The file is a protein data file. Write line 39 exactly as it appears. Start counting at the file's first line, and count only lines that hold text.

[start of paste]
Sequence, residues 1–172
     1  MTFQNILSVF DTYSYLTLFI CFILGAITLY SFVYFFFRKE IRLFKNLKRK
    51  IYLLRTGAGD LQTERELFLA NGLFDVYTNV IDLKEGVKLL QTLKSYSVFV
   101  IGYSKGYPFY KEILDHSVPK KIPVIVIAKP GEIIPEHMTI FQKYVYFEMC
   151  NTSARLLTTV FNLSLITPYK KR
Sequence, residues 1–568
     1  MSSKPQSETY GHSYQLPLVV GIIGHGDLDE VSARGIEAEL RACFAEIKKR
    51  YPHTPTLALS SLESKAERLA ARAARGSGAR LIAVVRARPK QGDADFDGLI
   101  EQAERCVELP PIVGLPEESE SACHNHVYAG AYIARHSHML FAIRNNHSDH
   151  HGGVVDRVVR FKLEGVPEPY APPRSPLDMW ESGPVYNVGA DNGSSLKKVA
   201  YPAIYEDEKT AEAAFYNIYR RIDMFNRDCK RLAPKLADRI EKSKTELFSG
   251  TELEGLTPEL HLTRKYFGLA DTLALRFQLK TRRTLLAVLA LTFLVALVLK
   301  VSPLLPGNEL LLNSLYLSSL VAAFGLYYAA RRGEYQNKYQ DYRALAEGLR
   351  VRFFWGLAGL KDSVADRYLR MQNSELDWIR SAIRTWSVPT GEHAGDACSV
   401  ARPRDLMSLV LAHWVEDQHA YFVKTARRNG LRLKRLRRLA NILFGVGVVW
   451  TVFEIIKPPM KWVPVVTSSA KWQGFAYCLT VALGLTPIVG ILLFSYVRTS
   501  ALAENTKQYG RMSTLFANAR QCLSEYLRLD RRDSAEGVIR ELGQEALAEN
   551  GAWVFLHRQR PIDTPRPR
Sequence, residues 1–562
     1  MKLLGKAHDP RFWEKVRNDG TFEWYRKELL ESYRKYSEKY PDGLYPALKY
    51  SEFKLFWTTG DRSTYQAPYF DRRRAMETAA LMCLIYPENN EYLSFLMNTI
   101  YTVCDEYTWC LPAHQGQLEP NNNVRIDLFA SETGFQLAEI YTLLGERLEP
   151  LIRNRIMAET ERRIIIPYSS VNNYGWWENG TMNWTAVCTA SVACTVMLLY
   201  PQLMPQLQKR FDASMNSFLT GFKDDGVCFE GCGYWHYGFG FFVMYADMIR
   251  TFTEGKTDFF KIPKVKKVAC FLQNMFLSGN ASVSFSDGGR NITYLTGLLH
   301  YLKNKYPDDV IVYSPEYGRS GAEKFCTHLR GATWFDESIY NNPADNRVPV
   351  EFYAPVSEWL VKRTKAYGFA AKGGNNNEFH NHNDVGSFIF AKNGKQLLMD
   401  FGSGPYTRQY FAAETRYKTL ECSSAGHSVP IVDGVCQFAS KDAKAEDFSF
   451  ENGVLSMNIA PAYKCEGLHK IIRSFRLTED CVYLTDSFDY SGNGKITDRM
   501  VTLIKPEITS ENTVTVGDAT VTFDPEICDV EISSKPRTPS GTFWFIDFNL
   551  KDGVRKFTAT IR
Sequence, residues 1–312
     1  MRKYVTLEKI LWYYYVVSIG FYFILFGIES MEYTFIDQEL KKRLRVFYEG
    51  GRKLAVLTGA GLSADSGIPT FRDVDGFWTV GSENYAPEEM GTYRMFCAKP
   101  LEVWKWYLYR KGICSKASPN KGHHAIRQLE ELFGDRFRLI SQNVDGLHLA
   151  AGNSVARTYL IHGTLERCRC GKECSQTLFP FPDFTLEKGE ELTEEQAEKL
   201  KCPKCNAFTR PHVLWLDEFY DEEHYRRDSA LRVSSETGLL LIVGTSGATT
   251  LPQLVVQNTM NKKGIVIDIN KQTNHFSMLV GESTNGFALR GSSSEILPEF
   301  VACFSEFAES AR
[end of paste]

   301  VACFSEFAES AR